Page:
In 2011, the Textile Museum merged with the George Washington University Museum. Its collection now shares a 53,000-square-foot complex with the Albert H. Small Washingtoniana collection — maps, letters and drawings documenting D.C.’s history — plus research space and a gift shop.
“The core mission of the Textile Museum continues,” museum director John Wetenhall says. “But it’s become wider and more generous. The galleries are more than twice as large as they were, and we have included far more context and interactivity.”
At its new space, the Textile Museum can offer four times as many programs, including Family Saturday programs once a week instead of once a month. The combined museums hold three exhibits. One, the Textile Museum’s biggest ever, is cloth-centric; the other two draw from the Small collection.
The little museum that could is now part of a big museum that will.
George Washington University Museum and Textile Museum, 701 21st St. NW; Mon., Wed., Thu., Fri., 11:30 a.m.-6:30 p.m., Sat. 10 a.m.-5 p.m., Sun. 1-5 p.m., $8; 202-994-5200.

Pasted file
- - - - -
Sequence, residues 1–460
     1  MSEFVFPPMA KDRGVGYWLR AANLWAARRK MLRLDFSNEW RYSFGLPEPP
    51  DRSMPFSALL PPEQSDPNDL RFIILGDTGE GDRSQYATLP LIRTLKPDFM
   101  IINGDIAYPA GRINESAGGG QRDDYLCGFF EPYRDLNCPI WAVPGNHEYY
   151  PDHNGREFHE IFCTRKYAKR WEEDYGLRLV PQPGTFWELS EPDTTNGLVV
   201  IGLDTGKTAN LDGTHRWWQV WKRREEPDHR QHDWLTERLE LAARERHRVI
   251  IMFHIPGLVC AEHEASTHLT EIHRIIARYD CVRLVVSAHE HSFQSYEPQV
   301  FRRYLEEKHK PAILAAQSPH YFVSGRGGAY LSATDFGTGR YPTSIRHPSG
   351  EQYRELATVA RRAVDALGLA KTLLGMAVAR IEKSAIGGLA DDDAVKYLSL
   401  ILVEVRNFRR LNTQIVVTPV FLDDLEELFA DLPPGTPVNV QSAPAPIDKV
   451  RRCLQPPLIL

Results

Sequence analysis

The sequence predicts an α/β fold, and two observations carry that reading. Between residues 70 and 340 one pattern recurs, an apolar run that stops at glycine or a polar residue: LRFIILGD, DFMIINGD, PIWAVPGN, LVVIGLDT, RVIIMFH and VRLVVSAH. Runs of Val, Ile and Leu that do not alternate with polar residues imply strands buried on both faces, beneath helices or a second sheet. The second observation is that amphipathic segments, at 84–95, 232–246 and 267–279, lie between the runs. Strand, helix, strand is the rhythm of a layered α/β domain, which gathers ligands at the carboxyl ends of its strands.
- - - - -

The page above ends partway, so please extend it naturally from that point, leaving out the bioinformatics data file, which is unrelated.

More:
Textiles and D.C. history, newly entwined
‘Unraveling Identity: Our Textiles, Our Stories’
Through Aug. 24
This exhibit spans 2,000 years and five continents to show how fabrics represent cultural, political and individual identity. (Above is the hat worn by a Chinese civil official in the late 1800s or early 1900s.) The higher ceilings allow the museum to display larger works, such as an 18th-century9- by 19-foot Indian carpet. It’s not all ancient history: The exhibit also includes Mark Newport’s 2010 work “Batman 2,” a knitted version of the Batsuit.
‘Seat of Empire: Planning Washington, 1790-1801’
Through Oct. 15
In this show, drawn from the Small collection, images and maps (the one above is from 1793) explain how D.C. became one of the earliest examples of urban planning. Instead of growing organically, D.C. was laid out systematically by men who couldn’t imagine how an address that appeared four times in one city would confuse future tourists.
‘The Civil War and the Making of Modern Washington’
Through Oct. 15
Maps, drawings and other documents from the Small collection (the above rendering depicts D.C., circa 1852) show the impact the Civil War had on the District’s development as a city. Barracks and hospitals were hastily constructed for soldiers during the war; the building boom continued into the Reconstruction Era as hotels, markets and other structures sprung up to serve an increasing civilian population.
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